Audiences are impressed by what they see as well as what they hear.
Deals with the importance of proper posture and good appearance for the public speaker. Each element is treated from the viewpoint of the inexperienced speaker. Points out that an audience is impressed by what it sees as well as what it hears.
Ken Smith sez: "'Why did my speech fail?' Mister, you don't look good, that's why!" The narrator of this film reassures us that "appearance is something you can control" and encourages us to "think tall, talk tall, stand tall, walk tall." Speakers who don't fit this mold are shown, with accompanying derogatory labels such as "the tired farm horse type" and "the telephone pole type." The high point of the film, however, is a cameo appearance by Professor Buehler, demonstrating his unique "knee test" for proper posture.
Why is appearance so important for a speaker? Because, the narrator blandly admits, "Your appearance may help convince your audience that you know what you're talking about."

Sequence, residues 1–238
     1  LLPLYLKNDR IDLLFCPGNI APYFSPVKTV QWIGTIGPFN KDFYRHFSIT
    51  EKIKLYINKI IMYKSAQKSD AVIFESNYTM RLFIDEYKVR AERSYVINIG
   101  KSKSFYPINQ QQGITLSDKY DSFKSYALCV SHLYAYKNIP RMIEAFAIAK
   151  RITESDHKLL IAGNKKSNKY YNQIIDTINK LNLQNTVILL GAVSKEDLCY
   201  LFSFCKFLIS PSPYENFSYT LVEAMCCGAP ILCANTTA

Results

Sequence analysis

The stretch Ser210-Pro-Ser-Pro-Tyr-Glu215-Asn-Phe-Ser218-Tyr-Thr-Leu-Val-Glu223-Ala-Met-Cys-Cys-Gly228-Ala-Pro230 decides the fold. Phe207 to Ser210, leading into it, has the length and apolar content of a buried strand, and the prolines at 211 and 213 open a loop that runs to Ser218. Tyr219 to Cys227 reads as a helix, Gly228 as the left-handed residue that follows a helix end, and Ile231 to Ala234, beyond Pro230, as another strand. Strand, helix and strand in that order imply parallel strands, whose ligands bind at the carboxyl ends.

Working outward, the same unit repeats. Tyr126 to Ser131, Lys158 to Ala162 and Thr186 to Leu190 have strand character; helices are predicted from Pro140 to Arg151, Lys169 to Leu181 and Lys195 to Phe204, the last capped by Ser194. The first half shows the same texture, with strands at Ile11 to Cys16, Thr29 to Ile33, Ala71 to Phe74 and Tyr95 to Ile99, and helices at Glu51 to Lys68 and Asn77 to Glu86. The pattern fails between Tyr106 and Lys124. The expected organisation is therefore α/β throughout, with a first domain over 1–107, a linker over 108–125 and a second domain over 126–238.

The usual stylish Centron montages; starkly lit, surreal.
Fairly bland film in the interesting 'Speech' series that Centron put out. This one covers posture and appearance. Stand Tall! Don't Think Small! They give several bad examples of how not to speak, all of which I'm sure I've broken before. I liked the hands folded like a rapper pose lol. Anyways, if you're looking to stand correctly, grab your knees and swing around! Unfortunately, it doesnt say if you're supposed to do it on or off stage, leading me to believe some speech audiences in the 50's to comment among themselves, "Why is he doing a knee shuffle for?"
December 17, 2002 Subject:
Speech: Platform Posture and Appearance
Even adults were not exempt from watching hygiene films in the 50's. This public speaker's training film is all about how you will be judged on your appearance. Examples of people with dorky posture and appearance are held up for thinly-veiled ridicule. What's amazing is that the guy advocating "lip and tongue action" in Speech: Using Your Voice is twice used as a bad example! Don't forget the "knee test"!
Ratings: Camp/Humor Value: ***. Weirdness: ****. Historical Interest: ****. Overall Rating: ***. Also available on Mystery Science Theater 3000, Episode #619: Red Zone Cuba.